C5b-9 deposits on endomysial capillaries in non-dermatomyositis cases

Anne K. Braczynski, Patrick N. Harter, Pia S. Zeiner, Ulrich Drott, Dominique Suzanne Tews, Corinna Preusse, Cornelia Penski, Maika Dunst, Joachim Weis, Werner Stenzel, Michel Mittelbronn*

*Corresponding author for this work

Research output: Contribution to journalArticleResearchpeer-review

11 Citations (Scopus)


Deposits of the terminal-membrane-attack-complex (MAC) C5b-9 on perfascicular endomysial capillaries are generally regarded as diagnostic hallmark of dermatomyositis (DM). Although the pathophysiology is not clear, C5b-9 deposits on capillaries seem to be associated with microinfarctions and vascular damage. Here, we report on a series of 19 patients presenting with C5b-9 accumulation on endomysial capillaries in the absence of features for DM. To decipher differences in the capillary C5b-9 accumulation pattern between DM and non-DM cases, we assessed the extent of endomysial capillary C5b-9 deposits related to capillary density and extent of myofiber necrosis by immunohistochemistry in 12 DM and 8 control patients. We found similar numbers of C5b-9-positive myofibers in both DM and non-DM C5b-9+ cases. The distribution pattern differed as DM cases showed significantly more perifascicular capillary C5b-9 deposits as compared to non-DM cases, which presented stronger endomysial capillary C5b-9 deposits in a diffuse pattern. While total capillary density was not differing, DM patients displayed significantly more C5b-9+ necrotic fibers as compared to non-DM C5b-9+. In summary, endomysial capillary C5b-9 deposits are present in a variety of non-DM cases, however with differing distribution pattern. In conclusion, capillary C5b-9+ deposits should be assessed critically, taking into consideration the distribution pattern.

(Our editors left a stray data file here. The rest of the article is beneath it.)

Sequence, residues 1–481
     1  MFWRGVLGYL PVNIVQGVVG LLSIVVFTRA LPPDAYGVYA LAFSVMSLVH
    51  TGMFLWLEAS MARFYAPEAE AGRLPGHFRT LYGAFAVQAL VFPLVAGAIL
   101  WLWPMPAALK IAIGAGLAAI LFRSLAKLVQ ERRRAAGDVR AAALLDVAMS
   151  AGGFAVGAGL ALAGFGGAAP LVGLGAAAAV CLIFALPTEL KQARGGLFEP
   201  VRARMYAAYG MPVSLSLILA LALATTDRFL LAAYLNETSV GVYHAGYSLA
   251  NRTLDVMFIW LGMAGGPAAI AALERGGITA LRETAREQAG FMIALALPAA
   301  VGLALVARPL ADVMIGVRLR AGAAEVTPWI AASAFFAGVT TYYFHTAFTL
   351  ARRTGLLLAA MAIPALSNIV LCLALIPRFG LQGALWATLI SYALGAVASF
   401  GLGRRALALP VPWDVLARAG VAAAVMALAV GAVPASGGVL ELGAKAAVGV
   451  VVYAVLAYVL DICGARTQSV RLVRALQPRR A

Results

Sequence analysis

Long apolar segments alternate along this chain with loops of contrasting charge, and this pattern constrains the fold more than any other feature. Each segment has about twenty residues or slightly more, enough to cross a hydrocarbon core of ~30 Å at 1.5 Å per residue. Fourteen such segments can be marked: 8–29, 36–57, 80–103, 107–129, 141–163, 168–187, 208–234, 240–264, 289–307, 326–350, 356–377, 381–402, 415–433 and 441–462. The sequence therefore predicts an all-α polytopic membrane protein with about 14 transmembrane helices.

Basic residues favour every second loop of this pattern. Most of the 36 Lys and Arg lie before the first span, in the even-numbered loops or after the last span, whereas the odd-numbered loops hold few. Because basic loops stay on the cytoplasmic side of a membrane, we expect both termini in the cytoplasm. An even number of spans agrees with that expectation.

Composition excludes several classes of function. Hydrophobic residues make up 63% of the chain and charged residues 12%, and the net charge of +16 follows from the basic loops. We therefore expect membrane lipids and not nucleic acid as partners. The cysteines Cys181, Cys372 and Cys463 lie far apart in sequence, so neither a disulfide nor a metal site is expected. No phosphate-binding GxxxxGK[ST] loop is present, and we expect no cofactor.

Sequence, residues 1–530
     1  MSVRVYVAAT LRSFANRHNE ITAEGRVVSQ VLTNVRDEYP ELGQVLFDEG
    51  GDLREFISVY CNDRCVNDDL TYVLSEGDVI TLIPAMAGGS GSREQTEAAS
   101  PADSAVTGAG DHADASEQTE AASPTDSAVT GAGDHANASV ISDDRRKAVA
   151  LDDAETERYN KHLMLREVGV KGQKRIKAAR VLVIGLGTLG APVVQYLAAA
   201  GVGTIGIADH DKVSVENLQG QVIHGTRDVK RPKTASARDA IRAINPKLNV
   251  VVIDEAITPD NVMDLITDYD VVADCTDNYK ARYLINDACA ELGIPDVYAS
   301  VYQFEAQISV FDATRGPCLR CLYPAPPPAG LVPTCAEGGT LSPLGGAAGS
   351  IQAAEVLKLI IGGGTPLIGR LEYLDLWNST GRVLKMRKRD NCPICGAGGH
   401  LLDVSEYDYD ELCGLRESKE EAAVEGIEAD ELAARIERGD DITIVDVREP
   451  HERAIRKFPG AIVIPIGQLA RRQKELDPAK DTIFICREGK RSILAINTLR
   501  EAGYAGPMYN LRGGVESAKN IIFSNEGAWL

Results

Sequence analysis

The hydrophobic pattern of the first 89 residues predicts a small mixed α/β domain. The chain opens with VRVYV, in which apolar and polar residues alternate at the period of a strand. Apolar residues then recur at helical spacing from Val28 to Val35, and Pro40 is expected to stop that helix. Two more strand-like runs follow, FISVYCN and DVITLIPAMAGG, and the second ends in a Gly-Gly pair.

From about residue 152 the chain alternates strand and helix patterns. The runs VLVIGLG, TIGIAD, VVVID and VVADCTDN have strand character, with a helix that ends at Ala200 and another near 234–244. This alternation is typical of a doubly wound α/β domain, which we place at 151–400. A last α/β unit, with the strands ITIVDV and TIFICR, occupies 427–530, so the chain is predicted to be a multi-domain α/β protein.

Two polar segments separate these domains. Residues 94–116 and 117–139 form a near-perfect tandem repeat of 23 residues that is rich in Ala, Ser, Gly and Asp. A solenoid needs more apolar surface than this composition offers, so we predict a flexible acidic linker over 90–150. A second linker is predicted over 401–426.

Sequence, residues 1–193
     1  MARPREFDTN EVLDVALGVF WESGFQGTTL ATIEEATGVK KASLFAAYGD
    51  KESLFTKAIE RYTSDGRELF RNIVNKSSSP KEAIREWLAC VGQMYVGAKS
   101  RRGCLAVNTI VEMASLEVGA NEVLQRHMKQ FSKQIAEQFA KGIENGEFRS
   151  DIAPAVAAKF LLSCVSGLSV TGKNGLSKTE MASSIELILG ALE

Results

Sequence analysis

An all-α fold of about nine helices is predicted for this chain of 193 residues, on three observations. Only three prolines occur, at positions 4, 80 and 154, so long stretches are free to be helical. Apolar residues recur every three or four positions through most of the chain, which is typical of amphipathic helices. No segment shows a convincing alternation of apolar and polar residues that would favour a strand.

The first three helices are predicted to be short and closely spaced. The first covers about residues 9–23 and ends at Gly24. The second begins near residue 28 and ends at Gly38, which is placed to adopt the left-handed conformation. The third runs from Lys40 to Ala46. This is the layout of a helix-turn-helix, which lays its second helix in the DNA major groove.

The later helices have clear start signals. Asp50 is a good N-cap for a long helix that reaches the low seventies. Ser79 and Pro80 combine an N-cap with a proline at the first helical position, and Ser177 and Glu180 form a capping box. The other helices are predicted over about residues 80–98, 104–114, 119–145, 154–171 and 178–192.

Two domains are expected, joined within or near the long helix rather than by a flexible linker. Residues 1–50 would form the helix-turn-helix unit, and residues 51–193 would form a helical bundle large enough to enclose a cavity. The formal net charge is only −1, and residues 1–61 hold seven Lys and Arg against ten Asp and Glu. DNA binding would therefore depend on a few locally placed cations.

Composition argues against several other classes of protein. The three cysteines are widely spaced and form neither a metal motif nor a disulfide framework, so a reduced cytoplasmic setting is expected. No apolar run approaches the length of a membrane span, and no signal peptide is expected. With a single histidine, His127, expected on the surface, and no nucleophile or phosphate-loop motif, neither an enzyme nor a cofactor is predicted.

Original languageEnglish
Pages (from-to)283-291
Number of pages9
JournalNeuromuscular Disorders
Issue number4-5
Publication statusPublished - 1 Apr 2016
Externally publishedYes


  • C5b-9
  • Dermatomyositis
  • MHC-I
  • Microvascular unit
  • Muscle disease


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